Less common in nature because they are more costly in terms of energy and resources used  Hybrid inviability – fertilized egg cannot progress past an early embryo  Hybrid sterility – interspecies hybrid viable but sterile

 Mule

example

Hybrid breakdown – hybrids viable and fertile but subsequent generations have genetic abnormalities

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Mechanisms in speciation

Underlying cause of speciation is the accumulation of genetic changes that ultimately promote enough differences so that we judge a population to constitute a unique species

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Patterns of speciation

Anagenesis
 Single

species transformed into a different species over the course of many generations of a species into 2 or more species

Cladogenesis
 Division

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Allopatric speciation
Most prevalent method for cladogenesis  Occurs when some members of a species become geographically separated

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Can also occur when small population moves to a new location that is geographically separated founder effect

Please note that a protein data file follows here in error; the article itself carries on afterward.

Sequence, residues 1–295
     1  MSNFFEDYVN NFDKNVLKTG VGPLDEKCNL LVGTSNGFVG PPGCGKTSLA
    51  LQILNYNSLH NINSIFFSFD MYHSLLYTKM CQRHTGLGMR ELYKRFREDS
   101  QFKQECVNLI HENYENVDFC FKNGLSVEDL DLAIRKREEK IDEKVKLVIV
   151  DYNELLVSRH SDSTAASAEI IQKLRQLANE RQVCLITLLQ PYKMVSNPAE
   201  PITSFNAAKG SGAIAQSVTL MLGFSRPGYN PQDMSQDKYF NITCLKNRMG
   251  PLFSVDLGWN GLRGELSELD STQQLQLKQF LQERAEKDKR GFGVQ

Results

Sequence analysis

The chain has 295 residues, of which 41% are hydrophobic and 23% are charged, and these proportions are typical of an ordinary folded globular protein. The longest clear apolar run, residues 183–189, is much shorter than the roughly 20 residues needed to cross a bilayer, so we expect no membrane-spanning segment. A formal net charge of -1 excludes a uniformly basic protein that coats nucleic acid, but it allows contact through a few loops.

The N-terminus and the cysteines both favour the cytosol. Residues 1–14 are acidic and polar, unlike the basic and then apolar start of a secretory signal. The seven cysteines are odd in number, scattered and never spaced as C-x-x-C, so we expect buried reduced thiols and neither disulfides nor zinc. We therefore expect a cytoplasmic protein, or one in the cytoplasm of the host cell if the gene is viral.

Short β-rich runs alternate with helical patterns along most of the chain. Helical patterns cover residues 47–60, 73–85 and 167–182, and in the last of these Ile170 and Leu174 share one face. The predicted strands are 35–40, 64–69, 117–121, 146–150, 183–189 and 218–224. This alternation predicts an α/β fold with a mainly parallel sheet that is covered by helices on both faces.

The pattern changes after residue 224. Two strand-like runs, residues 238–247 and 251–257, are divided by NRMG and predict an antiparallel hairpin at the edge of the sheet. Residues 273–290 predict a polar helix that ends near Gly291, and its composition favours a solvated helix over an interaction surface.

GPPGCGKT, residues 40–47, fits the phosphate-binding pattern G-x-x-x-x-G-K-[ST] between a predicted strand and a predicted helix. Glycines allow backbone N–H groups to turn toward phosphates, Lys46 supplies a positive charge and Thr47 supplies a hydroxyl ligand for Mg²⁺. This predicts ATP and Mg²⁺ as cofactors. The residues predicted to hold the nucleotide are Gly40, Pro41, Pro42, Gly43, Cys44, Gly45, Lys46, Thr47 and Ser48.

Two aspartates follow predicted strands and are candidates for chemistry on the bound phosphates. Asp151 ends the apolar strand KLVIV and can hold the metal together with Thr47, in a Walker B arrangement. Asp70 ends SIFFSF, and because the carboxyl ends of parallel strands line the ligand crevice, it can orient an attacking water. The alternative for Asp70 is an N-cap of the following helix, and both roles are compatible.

 Genetic

drift and natural selection may quickly lead to differences  Adaptive radiation – single species evolves into array of descendents that differ greatly in habitat, form or behavior
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Podos Found That an Adaptation to Feeding Also May Have Promoted Reproductive Isolation in Finches

Darwin’s finches have different beak sizes and shapes as adaptations to different feeding strategies  Podos analyzed songs to see if beak morphology birds with larger beaks had more narrow frequency range and/or trill rate  Could have played a role in reproductive isolation

Hybridization
Prior to complete reproductive isolation, the zones where two populations can interbreed are known as hybrid zones  As the two populations accumulate different genetic changes, this may decrease the ability of individuals from different populations to mate with each other in the hybrid zone  Once gene flow through the hybrid zone is greatly diminished, the two populations are reproductively isolated